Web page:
I hope what people will recognize in the next 12 months is that TMA is getting out of our building and to our members; making sure the services we provide are available to them and they’re getting what they need from us. My desk is overlooked by a picture of one of the early boards at TMA. I’m constantly reminded that this association has a deep tradition of service to each other, with staying power through the Great Depression, through two World Wars, and countless political and economic transitions.
As one of the oldest associations in the state, representing one of the most important manufacturing areas in the country, I want to make sure TMA meets the standards of those who’ve gone before.
NB: Your thoughts on the future of Midwest manufacturing?
SJR: While the Midwest is still an important area for manufacturing, many refer to it as the Rust Belt. We’ve got a big public perception problem. It has been ingrained in people’s minds that manufacturing went away after the U.S. stopped being the world’s largest producers of things like steel or cars. Truth is, the United States is still the world’s largest manufacturer, and the Midwest is considered one of the top three manufacturing areas in the country.
Now, manufacturing has changed. We do less high volume, low value manufacturing. Our manufacturing today tends to be more complex, more precise, of higher value, and more important. And the exciting part is that TMA members are front and center – at the heart of that movement.
Of course, while manufacturers are fighting an uphill battle on public perception, those in Illinois have even bigger challenges. They face issues like property taxes, infrastructure, and workers compensation, to name a few.
NB: How do you plan to help TMA members address those challenges?
SJR: It’s true – in Illinois, government is in the way of progress and making it harder for entrepreneurs and business owners to succeed. We have awareness and an appreciation for that here at TMA, and because I’ve spent 15 years in public interest, I have a pretty good understanding of the legislature and the state. I hope we’re going to be able to help lead today’s legislators and the people in the governor’s office to the right kind of solutions. We’re not going to get there quick, Illinois has a long way to go. But starting that journey takes appreciation and understanding.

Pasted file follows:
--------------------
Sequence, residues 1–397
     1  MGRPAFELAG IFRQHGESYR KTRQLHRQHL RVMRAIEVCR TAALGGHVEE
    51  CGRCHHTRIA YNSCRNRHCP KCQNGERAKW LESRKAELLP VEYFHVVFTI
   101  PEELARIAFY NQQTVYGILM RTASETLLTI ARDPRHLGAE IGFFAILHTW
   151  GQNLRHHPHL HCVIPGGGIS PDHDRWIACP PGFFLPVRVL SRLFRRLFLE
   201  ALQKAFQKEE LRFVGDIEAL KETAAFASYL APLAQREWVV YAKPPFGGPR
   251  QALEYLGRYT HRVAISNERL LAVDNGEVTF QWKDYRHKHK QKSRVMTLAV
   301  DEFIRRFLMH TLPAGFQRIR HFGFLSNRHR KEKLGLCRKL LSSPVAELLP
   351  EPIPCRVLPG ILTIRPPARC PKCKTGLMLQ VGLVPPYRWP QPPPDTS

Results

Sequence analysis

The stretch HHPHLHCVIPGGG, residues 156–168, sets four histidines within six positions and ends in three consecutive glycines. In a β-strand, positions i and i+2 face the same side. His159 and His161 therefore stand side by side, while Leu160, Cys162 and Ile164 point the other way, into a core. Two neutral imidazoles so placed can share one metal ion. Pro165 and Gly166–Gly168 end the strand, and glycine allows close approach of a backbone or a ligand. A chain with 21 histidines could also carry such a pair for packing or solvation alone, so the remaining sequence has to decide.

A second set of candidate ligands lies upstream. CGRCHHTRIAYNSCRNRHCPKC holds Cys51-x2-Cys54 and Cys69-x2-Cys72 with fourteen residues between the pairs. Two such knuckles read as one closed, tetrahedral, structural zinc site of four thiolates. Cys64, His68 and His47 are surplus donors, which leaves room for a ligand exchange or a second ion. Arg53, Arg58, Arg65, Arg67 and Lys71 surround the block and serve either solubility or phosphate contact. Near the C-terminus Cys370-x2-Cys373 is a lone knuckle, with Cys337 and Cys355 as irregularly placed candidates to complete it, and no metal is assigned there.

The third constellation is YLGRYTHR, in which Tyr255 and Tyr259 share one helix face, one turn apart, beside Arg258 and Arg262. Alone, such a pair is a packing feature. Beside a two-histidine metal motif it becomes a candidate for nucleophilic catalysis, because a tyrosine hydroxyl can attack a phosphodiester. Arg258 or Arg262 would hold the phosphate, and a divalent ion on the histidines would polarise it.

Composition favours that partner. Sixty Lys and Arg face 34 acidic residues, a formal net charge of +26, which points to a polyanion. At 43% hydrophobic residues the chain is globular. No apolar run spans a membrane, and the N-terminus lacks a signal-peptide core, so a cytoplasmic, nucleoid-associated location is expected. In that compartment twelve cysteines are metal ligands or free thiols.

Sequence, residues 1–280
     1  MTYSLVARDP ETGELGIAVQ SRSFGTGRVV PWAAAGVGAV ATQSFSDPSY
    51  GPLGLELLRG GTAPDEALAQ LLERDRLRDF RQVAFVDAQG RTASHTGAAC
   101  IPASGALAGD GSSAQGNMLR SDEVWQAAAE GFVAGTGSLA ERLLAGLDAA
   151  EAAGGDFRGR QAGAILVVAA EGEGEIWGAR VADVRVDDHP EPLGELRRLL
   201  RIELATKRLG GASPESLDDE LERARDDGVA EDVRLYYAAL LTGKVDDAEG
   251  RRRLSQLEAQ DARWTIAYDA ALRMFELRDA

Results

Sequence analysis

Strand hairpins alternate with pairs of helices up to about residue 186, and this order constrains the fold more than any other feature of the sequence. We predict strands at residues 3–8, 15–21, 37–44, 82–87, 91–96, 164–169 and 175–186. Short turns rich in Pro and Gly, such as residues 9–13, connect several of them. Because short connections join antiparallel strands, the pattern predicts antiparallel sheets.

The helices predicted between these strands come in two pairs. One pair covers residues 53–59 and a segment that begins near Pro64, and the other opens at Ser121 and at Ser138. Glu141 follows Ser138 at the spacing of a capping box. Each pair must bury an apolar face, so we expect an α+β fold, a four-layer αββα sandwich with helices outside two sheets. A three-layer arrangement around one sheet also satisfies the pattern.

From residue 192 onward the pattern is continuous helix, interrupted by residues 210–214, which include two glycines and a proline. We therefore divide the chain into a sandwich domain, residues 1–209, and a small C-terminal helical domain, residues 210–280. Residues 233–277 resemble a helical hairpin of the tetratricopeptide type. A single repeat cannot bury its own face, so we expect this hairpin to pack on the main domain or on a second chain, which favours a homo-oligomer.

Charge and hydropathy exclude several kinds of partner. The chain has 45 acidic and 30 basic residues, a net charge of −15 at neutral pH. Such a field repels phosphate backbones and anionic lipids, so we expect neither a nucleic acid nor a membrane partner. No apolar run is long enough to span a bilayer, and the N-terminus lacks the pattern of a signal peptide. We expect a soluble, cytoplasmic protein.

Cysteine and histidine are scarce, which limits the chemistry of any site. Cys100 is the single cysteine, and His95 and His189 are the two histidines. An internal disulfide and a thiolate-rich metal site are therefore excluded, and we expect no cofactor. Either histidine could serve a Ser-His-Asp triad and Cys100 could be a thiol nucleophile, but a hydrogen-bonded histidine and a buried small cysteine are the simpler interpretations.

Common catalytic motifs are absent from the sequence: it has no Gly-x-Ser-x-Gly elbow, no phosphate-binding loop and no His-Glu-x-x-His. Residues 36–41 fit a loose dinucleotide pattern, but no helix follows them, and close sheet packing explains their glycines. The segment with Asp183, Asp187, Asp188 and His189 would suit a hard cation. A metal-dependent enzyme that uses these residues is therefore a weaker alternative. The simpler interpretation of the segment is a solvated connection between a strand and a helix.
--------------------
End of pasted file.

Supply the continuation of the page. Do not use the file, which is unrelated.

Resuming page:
One of the things TMA has worked hard at over the years is having a robust government relations and advocacy effort. I hope I can enrich and strengthen that effort with my understanding of Springfield personalities and perspectives.
NB: Why is it important for manufacturers to have a strong relationship with their local officials?
SJR: This past month TMA held its second Mayors for Manufacturing Summit. Our effort was to connect mayors with their own constituents in their own communities. Two reasons that this is important: 1.) Mayors and officials – whether they be city, local or county – wield a fair amount of authority over things that matter to businesspeople, and 2.) Mayors are probably one of the most effective lobbying groups with legislators.
If the mayors understand our issues, it will make our advocacy in Springfield stronger.
NB: So, you are working to help TMA members have a stronger voice in public policy?
SJR: They’ve always had a strong voice, but we’re hoping to make it more effective and targeted. TMA has been important on the scene as long as I’ve been involved in public service. I’m just trying to help them strengthen it.
NB: Does your experience thus far with Illinois manufacturers change your outlook for the state’s future?
SJR: No. Illinois politics has a long way to go to catch up to the states around us. It does make me more optimistic about my kids’ future. You realize that despite how dysfunctional Springfield is, businesses thrive anyway. Smart people figure out workarounds that regardless of what kind of trade policy or economic manipulation, they figure out a way to win.
If we can get out of the way of American entrepreneurs, free their spirit, and give them the ability to compete, they’ll figure out solutions. Whatever they’re doing is not working. It’s filling your prisons, imprisoning your businesses. The idea that Springfield ought to be debating the content of school lunches or the size of your soda is crazy. Illinois has the largest pension deficit, the largest budget deficit, and a deteriorating infrastructure because we have bad public policy that encourages over-expensive construction costs and doesn’t let our dollars go far enough. They need to go work on those issues.
People figure out problems if they’re left alone. Overwhelmingly, people are satisfied with their employers and working conditions. Politicizing working conditions and pay doesn’t improve society. It divides people.
NB: If you could see TMA do one thing in the next year, what would it be?
SJR: I would like to ensure we retain our members. If we could continue modest, thoughtful growth, through services to members, I would be very proud of the work I did at TMA.
From TMA’s May 2015 News Bulletin – by Fran Eaton